Calculating small business health plan excise taxes

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November 3, 2015 by Tony Novak

Beginning in 2015, small businesses must report market reform violations on Form 8928. This article does not cover the triggers for such taxes. See this post for more information on the common triggers of this penalty tax.

There are two new types of excise tax penalties covered under Internal Revenue Code Section 4980D. Once an argument is reached to determine which penalty applies, the calculation is straightforward:

Section A penalty is “Failures Due to Reasonable Cause and Not to Willful Neglect” that is 10 percent of the total amount paid for employee health benefits for affected employees. This penalty may be claimed if the failure was not discovered, despite exercising reasonable diligence, or was corrected within the correction period and was due to reasonable cause. Under this scenario, an employer that paid $300 per month to reimburse an employee’s health care expenses would owe $180 excise tax ($300 x 6 months x 10%) for the covered employee.

The Section B penalty is “Failures Due to Willful Neglect or Otherwise Not Due to Reasonable Cause” that is a much larger $100 per employee per day excise tax. There are 184 days from July 1, 2015 to December 31, 2015 so it appears that the penalty would be $18,400 for an employee covered by a non-compliant health plan for the entire year.

This article does not cover which penalty applies however it appears that if an employer claimed the lesser penalty for 2015 then it would be unable to make the same claim in 2016 assuming that the same non-compliant health plan continued to exist in 2016. For that reason, it is urgent to modify small business health plans as soon as possible.

The Commissioner has statutory authority to offer penalty relief. IRS issued relief from the penalty for small businesses with less than 50 full time employees until June 30, 2015. So for 2015 only, the penalties on Form 8928 are calculated beginning on July 1. No guidance is available on the procedure for penalty relief beyond June 30, 2015 or whether any such relief will be granted.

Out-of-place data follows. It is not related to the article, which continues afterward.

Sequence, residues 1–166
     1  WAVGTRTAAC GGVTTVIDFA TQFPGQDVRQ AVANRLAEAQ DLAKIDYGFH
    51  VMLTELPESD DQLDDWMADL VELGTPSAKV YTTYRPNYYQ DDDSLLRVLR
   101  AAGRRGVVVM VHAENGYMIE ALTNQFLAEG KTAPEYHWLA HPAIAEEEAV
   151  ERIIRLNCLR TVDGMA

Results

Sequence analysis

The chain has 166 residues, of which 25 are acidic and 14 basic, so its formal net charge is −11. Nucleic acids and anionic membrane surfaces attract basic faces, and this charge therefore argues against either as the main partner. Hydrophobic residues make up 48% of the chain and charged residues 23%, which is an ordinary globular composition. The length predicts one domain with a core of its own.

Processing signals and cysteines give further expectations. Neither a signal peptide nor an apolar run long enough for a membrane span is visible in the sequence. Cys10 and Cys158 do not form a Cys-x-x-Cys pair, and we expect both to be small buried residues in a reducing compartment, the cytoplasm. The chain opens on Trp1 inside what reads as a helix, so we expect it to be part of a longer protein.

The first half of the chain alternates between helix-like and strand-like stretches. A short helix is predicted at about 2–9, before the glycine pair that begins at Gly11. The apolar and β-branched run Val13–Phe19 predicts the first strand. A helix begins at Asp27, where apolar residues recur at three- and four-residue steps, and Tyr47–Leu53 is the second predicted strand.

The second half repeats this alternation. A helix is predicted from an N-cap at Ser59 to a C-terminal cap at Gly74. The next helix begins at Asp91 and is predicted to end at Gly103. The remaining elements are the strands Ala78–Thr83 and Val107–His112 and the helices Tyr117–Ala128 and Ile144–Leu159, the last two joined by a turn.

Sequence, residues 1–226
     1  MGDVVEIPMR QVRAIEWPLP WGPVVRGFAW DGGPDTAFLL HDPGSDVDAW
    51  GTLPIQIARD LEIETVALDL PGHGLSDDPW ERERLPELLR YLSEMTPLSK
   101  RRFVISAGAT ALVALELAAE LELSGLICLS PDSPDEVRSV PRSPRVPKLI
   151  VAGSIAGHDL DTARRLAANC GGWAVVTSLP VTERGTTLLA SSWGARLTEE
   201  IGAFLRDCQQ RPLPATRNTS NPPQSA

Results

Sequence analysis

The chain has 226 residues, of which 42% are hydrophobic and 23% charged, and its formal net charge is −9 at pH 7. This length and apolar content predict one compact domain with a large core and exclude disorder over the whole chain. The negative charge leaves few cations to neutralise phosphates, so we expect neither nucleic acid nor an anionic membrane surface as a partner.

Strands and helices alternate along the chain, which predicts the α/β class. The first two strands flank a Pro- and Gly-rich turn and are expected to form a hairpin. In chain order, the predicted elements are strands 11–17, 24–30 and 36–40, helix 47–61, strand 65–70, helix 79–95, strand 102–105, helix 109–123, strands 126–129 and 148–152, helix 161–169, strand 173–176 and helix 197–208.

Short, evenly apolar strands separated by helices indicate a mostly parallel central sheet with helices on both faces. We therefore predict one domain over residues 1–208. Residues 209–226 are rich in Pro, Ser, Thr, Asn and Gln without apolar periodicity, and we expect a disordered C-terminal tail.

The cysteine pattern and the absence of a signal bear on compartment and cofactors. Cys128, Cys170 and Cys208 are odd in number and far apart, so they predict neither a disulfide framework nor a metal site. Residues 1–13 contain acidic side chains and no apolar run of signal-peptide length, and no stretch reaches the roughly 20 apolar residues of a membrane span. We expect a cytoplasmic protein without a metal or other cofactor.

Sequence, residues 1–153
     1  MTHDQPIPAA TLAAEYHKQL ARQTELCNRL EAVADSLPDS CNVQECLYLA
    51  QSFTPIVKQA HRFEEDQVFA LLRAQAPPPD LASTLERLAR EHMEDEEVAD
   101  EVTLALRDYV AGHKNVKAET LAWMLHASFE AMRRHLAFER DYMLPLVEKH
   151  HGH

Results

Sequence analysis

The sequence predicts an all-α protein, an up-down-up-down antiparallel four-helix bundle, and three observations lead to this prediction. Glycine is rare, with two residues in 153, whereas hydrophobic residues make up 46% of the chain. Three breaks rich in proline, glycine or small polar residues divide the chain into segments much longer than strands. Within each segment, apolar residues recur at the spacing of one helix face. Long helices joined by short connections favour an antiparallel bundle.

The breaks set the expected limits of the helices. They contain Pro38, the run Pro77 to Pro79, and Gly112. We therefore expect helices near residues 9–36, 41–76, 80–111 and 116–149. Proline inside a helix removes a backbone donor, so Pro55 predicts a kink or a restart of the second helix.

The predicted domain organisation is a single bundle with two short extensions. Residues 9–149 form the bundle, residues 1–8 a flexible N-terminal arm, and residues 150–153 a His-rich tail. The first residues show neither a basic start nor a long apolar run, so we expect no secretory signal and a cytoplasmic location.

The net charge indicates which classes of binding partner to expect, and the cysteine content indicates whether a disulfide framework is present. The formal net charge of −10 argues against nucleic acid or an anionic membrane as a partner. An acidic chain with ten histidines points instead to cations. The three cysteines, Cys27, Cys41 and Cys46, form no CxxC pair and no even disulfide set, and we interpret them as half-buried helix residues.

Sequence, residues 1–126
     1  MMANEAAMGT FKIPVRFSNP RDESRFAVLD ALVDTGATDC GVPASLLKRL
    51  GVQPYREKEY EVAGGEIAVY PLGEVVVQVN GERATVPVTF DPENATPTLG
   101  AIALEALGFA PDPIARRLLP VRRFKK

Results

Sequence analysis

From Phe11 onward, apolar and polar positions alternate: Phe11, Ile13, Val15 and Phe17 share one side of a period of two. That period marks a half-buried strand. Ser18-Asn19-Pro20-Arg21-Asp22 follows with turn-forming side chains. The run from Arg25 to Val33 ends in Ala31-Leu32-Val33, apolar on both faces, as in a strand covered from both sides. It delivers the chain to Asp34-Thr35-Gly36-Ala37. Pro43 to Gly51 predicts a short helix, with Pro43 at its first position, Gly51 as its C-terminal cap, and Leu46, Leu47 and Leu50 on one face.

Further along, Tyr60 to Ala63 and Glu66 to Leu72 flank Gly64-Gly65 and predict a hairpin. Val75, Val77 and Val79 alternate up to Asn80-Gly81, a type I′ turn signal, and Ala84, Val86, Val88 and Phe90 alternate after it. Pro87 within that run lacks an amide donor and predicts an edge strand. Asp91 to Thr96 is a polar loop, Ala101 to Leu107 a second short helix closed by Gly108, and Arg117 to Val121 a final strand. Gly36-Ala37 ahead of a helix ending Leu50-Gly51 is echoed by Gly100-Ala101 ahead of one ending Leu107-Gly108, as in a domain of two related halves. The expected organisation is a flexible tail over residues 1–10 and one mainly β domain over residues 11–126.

4 thoughts on “Calculating small business health plan excise taxes

  1. […] upon examination. This article does not cover the calculation of the excise tax penalty. See this post for more information on the calculation of the penalty […]

  2. […] It is now clear that many small businesses are now racking up unnecessary tax bills that may be in the hundreds of dollars per day. By my conservative estimate, there are more than 50,000 small business owners throughout the United States, who owe an average of additional $19,200 federal excise tax for 2015 that are triggered solely by non-compliant health plan designs. Mechanical and procedural issues related to the calculation of the 2015 tax is covered in this separate blog post titled “Calculation of small business health plan excise taxes” […]

  3. […] It is now clear that many small businesses are now racking up unnecessary tax bills that may be in the hundreds of dollars per day. By my conservative estimate, there are more than 50,000 small business owners throughout the United States, who owe an average of additional $19,200 federal excise tax for 2015 that are triggered solely by non-compliant health plan designs. Mechanical and procedural issues related to the calculation of the 2015 tax is covered in this separate blog post titled “Calculation of small business health plan excise taxes” […]

  4. […] Calculating small business health plan excise taxes, 11/3/2015, a discussion of the procedural aspects of calculating tax penalties on non-compliant small business health plans […]

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